MM5 wasn't supposed to be stand-alone game, it was somewhat late decision by JVC to make it standalone and test how it could work with merging. It can be clearly seen in Shangri-La and some other places in MM4, with whole dungeons being locked by keys from MM5. MM5, on other hand, is soft-locked by weak starting party vs monsters who are stronger than what you encountered in Castle Xeen. I mean, Armadillo hits 3 times harder than Lord Xeen (final boss of MM4), has double of Lord Xeen's AC and has 60% more HP than Lord Xeen. And such creatures are roaming a bit outside first town. That's not difficulty spike, that's difficulty wall and it is insurmountable unless you have party from MM4.
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Sarisio: The most stressful, in my opinion, is MM2. All encounters are level scaled, and you can save only in towns. When you encounter groups of 50+ mobs, with each of them being capable of one-hit-killing
Not quite true.
* Only the size of the encouter scales. You might fight 50+ enemies at higher levels, but they individually won't be any stronger than those you would fight at lower levels in the same ares.
* Only random and placed encounters scale at all. Fixed encounters (like the various dragon encounters in that one dragon dungeon, as well as boss fights) do not scale.

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dtgreene: MM5: Probably the most stressful of the early games, actually. As I mentioned before, most areas, including even the towns, require certain items to enter. If you try to explore, you will encounter some very strong enemies (like those armadillos; if you've played this game, you know what I mean).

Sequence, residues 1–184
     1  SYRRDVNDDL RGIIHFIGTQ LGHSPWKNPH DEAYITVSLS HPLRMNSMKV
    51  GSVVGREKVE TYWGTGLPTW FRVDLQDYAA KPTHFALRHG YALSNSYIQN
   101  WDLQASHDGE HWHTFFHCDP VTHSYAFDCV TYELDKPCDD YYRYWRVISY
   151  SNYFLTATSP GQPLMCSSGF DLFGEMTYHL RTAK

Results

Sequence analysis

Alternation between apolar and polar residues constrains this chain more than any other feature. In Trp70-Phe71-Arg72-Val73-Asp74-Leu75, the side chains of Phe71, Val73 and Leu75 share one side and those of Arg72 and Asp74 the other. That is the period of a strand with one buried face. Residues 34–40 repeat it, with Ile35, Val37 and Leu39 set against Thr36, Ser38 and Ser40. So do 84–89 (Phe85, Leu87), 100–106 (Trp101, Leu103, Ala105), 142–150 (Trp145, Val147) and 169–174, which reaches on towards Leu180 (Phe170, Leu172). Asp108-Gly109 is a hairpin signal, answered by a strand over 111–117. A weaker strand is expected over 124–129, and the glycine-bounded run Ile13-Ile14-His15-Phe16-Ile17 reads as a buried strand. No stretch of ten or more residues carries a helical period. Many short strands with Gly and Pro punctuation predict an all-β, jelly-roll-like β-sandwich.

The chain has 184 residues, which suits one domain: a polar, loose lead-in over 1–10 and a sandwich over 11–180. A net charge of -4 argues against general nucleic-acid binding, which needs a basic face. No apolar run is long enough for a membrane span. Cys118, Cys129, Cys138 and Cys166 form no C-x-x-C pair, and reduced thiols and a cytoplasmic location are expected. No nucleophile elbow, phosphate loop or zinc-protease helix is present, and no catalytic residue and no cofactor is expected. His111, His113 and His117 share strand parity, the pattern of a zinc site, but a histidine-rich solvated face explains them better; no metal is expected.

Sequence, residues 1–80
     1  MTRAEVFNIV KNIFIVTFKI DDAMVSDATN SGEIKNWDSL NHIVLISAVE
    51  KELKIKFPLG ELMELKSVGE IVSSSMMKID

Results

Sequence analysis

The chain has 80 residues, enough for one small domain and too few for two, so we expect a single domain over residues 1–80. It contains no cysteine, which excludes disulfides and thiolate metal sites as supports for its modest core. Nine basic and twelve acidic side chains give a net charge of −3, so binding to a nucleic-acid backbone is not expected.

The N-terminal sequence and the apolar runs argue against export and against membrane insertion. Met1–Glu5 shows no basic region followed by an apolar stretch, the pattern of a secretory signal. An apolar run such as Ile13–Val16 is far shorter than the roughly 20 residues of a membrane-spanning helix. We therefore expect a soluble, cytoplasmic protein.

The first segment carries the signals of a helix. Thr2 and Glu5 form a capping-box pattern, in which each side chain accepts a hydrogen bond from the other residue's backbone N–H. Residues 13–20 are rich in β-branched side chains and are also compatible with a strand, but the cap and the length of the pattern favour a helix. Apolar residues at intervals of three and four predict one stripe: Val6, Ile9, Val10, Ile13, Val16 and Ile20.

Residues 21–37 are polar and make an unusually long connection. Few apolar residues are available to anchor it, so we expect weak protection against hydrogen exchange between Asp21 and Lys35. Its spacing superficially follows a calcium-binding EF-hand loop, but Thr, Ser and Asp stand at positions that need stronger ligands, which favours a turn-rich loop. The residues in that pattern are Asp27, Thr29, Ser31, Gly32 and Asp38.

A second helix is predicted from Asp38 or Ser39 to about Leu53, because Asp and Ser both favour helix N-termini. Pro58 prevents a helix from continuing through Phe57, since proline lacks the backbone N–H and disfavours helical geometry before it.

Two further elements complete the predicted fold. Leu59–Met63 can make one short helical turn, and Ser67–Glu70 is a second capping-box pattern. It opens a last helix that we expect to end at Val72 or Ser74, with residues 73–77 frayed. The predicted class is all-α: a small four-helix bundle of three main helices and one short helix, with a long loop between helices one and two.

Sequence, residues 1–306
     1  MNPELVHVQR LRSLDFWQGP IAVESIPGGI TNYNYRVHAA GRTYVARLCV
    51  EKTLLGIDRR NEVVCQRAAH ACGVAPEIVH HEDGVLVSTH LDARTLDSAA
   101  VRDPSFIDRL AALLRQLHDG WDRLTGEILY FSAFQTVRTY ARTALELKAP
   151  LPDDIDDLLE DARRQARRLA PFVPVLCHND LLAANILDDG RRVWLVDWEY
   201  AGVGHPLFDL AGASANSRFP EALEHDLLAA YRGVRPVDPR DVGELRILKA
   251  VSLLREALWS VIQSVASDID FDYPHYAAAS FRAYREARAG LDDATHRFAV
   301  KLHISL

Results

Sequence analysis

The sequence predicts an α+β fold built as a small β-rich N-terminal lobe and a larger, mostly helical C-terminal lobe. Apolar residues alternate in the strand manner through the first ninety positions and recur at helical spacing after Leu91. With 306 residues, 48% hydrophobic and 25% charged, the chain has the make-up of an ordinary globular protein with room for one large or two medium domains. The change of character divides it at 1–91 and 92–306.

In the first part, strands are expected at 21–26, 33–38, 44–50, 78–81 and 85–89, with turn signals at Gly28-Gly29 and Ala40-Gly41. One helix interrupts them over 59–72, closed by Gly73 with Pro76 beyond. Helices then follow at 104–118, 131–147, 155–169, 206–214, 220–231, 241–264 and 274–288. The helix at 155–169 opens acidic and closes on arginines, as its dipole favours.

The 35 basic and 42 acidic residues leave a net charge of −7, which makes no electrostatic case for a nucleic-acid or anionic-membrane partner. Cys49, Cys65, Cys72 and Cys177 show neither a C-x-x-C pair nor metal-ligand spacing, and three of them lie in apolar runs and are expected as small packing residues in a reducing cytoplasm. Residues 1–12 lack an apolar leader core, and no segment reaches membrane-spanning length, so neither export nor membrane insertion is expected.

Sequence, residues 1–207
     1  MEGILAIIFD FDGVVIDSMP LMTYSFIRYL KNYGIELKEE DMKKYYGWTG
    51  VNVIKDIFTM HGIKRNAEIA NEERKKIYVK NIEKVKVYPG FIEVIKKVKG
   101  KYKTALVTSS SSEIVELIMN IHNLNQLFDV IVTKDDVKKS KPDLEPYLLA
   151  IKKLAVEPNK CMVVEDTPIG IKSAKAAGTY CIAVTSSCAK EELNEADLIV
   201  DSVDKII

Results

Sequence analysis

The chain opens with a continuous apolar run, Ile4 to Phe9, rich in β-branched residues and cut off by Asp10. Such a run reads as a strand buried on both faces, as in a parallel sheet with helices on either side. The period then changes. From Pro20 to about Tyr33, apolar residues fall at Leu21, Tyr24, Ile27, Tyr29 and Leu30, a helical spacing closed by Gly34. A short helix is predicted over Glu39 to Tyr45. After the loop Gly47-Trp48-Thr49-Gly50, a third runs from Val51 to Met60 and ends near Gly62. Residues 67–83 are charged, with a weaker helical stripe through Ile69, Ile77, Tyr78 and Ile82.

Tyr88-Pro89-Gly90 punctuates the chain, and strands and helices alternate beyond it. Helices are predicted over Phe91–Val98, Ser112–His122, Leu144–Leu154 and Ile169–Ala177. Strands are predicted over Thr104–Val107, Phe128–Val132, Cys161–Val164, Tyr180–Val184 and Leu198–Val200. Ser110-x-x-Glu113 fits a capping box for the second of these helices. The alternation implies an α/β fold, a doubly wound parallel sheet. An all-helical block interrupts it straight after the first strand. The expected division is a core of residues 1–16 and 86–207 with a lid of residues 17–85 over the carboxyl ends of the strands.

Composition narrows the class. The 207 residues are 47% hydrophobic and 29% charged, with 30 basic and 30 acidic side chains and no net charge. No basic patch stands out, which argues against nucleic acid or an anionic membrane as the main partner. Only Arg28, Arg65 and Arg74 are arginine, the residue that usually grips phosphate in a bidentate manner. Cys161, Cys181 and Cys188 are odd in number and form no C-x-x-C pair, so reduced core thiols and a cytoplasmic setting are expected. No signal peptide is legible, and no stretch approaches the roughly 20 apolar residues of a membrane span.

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Sarisio: MM5 wasn't supposed to be stand-alone game, it was somewhat late decision by JVC to make it standalone and test how it could work with merging. It can be clearly seen in Shangri-La and some other places in MM4, with whole dungeons being locked by keys from MM5. MM5, on other hand, is soft-locked by weak starting party vs monsters who are stronger than what you encountered in Castle Xeen. I mean, Armadillo hits 3 times harder than Lord Xeen (final boss of MM4), has double of Lord Xeen's AC and has 60% more HP than Lord Xeen. And such creatures are roaming a bit outside first town. That's not difficulty spike, that's difficulty wall and it is insurmountable unless you have party from MM4.
The Armadillo is weak against status spells, however. (In praticular, the spell that puts beasts to sleep works pretty well on them.) So, using only spells buyable in Castleview, you can put those armadillos to sleep and then jump over them to avoid starting combat in the first place.

Also, there's still the whole money issue in the late game, where the game gives you tons of XP, but doesn't give you enough money to actually use that XP. In fact, the game is actually quite stingy with money at that point, particularly if you compare it with MM3 (which used the same formula for training costs, but had much more money available in the game).
Post edited June 07, 2019 by dtgreene
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dtgreene: Not quite true.
* Only the size of the encouter scales. You might fight 50+ enemies at higher levels, but they individually won't be any stronger than those you would fight at lower levels in the same ares.
* Only random and placed encounters scale at all. Fixed encounters (like the various dragon encounters in that one dragon dungeon, as well as boss fights) do not scale.
But you still have to deal with random encounters. Level scaling by number of enemies is still level scaling. And while some monsters aren't that hard even if they are 200+, the others are deadly even if they are only a few, nvm the whole armies of them. That also made game barely playable for short sessions. I remember I couldn't move anywhere in realistic time frame, so I cheated and made my character be Lv. 255. It didn't help, quite the opposite, it made me constantly battle hordes of monsters.

I see why MM2 can be loved, it definitely has its charm, but I think that limited saving and level scaling are a huge stress factors, much bigger than those in MM6.